We are back in Bau Bau after a mind-blowing experience living in homestays with the Bajau sea-gypsy community of Sampela and spending time snorkeling around the tropical island of Hoga in southern Sulawesi.  This morning, during our debriefing about our time spent in Sampela, in a circle of gratitude, it was very clear that each of our students took so much away from spending time in that extra-ordinary  sea village that was nothing alike anything we had ever seen before, it kind of was truly a different universe all together.  A very lively universe, with houses built on stilts in the middle of the ocean, wooden walkways with boats going underneath them, lots of welcoming, smiling people with their faces covered in white and yellow rice-paste to protect them naturally from the sun, lots of noise and music during the day and night, lots of fish and sea-cucumbers and most of all lots and lots of happy children screaming our names from early in the morning and who seemed to be the happiest when being soaked wet.  We spent time fishing and collecting seafood from the ocean floor with our local hostfamilies, taking trips to the nearby Kalidupa market,  snorkeling amongst colorful fish and corals and there were also moments of deep sharing, star gazing, and getting more insights in the Bajau culture through visits to the local health care centre, breaking the fast with the local youth, and through several rituals with the local shaman for the ocean spirits Kka (placenta spirit), Tuli (Octupus spirit), the Crocodile spirit and the protecting  Ocean Grandfather spirit, Mbomadalao.

When we came back to Bau Bau last night, we had a nice celebration dinner, everybody looked tired but also very happy and very grateful that we could sleep in a real bed again.

Tonight we are hopping on our cruise ship that will take us back from Sulawesi to the island of Java. From here, on our journey back to Jogjakarta, we will keep pushing our students to reflect on their world, themselves, their values, the people they want to be and help them to prepare themselves for their journeys back home after an intense learning experience.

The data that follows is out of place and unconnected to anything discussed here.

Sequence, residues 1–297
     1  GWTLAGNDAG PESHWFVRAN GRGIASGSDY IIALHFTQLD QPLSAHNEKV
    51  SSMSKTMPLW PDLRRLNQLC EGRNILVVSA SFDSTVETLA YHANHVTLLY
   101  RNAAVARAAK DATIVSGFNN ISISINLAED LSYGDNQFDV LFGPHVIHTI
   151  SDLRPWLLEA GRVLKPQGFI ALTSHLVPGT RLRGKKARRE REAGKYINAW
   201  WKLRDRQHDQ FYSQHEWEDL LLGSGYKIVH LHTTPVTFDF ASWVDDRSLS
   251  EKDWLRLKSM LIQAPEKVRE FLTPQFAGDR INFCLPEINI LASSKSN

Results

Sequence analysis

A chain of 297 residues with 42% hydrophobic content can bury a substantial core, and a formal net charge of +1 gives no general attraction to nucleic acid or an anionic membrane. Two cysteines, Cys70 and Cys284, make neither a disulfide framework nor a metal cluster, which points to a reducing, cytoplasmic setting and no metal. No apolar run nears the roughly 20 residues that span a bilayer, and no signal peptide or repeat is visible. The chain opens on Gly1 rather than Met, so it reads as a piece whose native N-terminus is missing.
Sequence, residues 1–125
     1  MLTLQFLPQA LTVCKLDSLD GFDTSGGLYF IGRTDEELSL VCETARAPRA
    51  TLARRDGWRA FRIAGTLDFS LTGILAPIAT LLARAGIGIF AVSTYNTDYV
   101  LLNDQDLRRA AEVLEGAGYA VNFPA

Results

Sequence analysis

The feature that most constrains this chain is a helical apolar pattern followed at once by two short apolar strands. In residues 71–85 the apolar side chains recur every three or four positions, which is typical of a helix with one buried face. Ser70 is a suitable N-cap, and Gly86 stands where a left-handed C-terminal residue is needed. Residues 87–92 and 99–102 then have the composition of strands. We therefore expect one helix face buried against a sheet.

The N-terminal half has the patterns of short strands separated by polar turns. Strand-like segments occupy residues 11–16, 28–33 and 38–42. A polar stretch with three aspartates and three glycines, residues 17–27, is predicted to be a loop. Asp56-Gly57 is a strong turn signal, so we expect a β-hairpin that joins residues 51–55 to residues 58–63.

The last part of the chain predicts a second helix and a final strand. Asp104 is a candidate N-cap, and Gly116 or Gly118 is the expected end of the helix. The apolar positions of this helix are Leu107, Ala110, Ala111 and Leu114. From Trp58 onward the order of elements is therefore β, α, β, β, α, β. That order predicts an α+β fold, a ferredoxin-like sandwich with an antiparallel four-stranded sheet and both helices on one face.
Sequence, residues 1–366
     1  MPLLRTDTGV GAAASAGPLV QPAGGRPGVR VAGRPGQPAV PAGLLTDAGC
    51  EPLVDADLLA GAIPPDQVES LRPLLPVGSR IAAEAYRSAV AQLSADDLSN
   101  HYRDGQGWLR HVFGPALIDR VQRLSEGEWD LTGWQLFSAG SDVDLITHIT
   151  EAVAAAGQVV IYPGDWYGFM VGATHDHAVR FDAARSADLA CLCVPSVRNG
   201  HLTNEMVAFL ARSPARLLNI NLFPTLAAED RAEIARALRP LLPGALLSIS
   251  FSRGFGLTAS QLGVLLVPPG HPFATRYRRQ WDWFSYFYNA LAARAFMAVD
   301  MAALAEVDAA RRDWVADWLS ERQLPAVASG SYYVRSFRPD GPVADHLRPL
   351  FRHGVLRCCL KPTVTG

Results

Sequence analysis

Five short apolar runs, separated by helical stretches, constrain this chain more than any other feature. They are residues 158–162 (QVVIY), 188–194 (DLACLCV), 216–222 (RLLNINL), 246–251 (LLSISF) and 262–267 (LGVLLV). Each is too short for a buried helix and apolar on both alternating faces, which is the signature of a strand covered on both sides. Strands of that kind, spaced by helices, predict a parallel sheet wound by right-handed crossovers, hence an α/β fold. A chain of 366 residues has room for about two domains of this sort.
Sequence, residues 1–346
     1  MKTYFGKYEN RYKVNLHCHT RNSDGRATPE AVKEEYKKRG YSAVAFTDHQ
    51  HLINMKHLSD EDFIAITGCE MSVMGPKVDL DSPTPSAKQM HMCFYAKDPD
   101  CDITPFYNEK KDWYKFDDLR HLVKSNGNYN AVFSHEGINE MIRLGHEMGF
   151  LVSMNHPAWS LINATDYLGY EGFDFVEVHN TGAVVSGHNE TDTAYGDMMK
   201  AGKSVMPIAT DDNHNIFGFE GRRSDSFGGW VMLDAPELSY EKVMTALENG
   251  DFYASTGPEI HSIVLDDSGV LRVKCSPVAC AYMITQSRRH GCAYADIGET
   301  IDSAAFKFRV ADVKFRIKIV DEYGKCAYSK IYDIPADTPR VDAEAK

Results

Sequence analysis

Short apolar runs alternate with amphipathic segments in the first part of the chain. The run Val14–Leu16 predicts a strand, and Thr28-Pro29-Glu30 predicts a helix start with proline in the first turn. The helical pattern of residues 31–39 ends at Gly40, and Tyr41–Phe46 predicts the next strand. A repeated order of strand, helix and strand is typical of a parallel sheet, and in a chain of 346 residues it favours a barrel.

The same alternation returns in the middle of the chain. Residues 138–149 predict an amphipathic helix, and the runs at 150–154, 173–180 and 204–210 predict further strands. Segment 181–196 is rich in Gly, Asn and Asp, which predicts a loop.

Once again, I want to mention to you as parents, family members, Dragons, (because I can't say it enough) that I feel very humbled and honored to have been given this opportunity and the trust by you to be able to be here in this incredible place, able to share this journey with this amazing group of students and co-instructors here in Indonesia. I am fully aware of how special each of them is to you as family members, they all have made it to a very special place in our hearts as well.  Soon they will be back with you to share everything with you and to continue their journeys of life. Until then I will keep enjoying their presence here with us.

You may all expect another Yak Yak of ours once we arrive to Jogjakarta before we fly home.

Peace,

Annelies
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Indonesia Summer 6-week

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Hopping on our cruise ship and preparing for the journey home

Annelies Hammerlink,Indonesia Summer 6-week

Description

  We are back in Bau Bau after a mind-blowing experience living in homestays with the Bajau sea-gypsy community of Sampela and spending time snorkeling around the tropical island of Hoga in southern Sulawesi.  This morning, during our debriefing about our time spent in Sampela, in a circle of gratitude, it was very clear that each […]

Posted On

08/4/13

Author

Annelies Hammerlink

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    [post_date] => 2013-08-04 07:22:56
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    [post_content] => I am currently typing on the keyboard in an Indonesian KFC, which immediately makes me think of home again and how things will be different once I go back. These past 6 weeks have been a truly unique and intense experience, and thinking about my thoughts and worries before the trip compared to where I am now is such a weird comparison to make.

Before coming on this trip I was immediately worried about the language barrier and how it would be to live with a whole new family for a week. Now that I have experienced and lived through my worries, they are simply a thing of the past, a different version of myself that had never gone that far outside of my comfort zone before.